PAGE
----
European crypto exchange, Bitstamp, reported on Nov. 17 that it received a license from Spain’s financial regulators to operate in Spain, allowing the exchange to continue serving local customers. Bitstamp announced in an email Thursday that it can now offer virtual currency exchange services for fiat currencies and e-wallet storage services for Spanish users.
Global CEO of Bitstamp, Jean-Baptiste Graftieaux, said:
“Spain is a key territory in our global strategy to further advance virtual asset regulation and provider stability to retail investors and institutions.”
Registration ensures that Bitstamp complies with appropriate Anti-Money Laundering(AML) and Countering Terrorist Financing(CTF) procedures. As well as it complies with Spanish regulatory integrity and commercial and professional conduct requirements.
Bitstamp is the world’s oldest Luxembourg-based crypto exchange, founded in 2011, providing crypto access to over four million users worldwide. The Bank of Spain has registered the Bitstamp local unit as a virtual currency platform in Luxembourg, Italy, and the Netherlands.
The new development at Bitstamp comes six months after the appointment of JB Graftieaux as the exchange’s new global chief executive officer. Its former CO and CEO of Europe credit him with accelerating its European growth and securing several institutional partners.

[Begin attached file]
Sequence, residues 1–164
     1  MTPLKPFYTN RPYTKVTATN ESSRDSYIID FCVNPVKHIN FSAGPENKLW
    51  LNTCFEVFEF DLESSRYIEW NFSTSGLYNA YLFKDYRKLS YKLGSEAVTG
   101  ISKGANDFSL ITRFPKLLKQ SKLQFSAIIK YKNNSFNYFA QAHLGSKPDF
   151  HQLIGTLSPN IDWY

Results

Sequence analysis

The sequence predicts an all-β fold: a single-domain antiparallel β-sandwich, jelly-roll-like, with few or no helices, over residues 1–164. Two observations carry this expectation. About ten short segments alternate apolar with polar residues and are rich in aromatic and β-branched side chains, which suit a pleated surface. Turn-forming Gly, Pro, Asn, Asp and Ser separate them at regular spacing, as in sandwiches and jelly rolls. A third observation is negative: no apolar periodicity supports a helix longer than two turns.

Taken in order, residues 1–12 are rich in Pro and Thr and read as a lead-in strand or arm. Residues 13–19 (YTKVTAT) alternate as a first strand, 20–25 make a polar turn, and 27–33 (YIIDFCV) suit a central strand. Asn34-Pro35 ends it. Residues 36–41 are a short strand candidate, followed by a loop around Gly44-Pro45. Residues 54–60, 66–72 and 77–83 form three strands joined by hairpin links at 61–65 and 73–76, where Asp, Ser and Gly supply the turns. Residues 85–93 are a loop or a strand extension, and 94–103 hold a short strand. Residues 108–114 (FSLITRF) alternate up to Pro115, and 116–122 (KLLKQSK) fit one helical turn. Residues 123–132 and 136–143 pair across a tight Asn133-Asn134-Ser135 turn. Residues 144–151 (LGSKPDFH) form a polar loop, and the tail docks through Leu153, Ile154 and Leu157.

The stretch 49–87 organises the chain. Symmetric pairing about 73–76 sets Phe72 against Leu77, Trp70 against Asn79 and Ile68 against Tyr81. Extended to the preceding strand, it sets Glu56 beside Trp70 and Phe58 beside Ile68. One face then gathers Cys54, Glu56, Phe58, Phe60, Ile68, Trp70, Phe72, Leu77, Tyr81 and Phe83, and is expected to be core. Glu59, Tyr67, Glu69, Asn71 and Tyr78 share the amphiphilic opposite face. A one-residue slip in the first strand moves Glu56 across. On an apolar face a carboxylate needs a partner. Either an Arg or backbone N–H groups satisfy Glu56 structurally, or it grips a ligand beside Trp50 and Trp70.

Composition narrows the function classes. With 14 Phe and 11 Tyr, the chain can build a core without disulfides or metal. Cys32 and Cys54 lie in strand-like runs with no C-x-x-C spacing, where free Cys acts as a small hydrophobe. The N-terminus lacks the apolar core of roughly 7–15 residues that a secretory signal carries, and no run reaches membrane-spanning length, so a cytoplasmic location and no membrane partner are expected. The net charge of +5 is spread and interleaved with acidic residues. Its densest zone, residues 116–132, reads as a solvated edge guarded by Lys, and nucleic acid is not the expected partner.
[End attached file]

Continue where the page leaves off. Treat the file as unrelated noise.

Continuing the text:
Bitstamp becomes the 46th virtual asset provider licensed in Spain, along with Binance and Bitpanda. Binance and Bitpanda received their virtual asset service provider (VASP) registration from the Bank of Spain on July 7 and 16, 2022, respectively.
The new license comes as Madrid is seeking to monitor crypto activities by issuing new regulations that include stricter KYC rules for cryptocurrency transactions. Spanish authorities want to remove anonymity from cryptocurrency trading by banning anonymous crypto accounts.
In addition, Spain’s financial regulator Comisión Nacional del Mercado de Valores (CNMV), has announced new regulations for advertisements promoting investments in cryptocurrencies. According to the new circular, crypto advertisements must be transparent, balanced, and fair while providing adequate information about the risks of investing in crypto.
Current laws require crypto custody service providers and electronic wallet providers operating in Spain to register with the financial regulator and prove compliance with AML requirements if they wish to continue operating. In case of violation, companies must pay between €150,000 and €10,000,000.
In recent years, Bitstamp has been increasing its compliance efforts. The exchange provided official examples of documents related to the resources of the deposited funds, including inheritance documents, deposit payments, salary and pension payments, gifts, mining receipts, and others.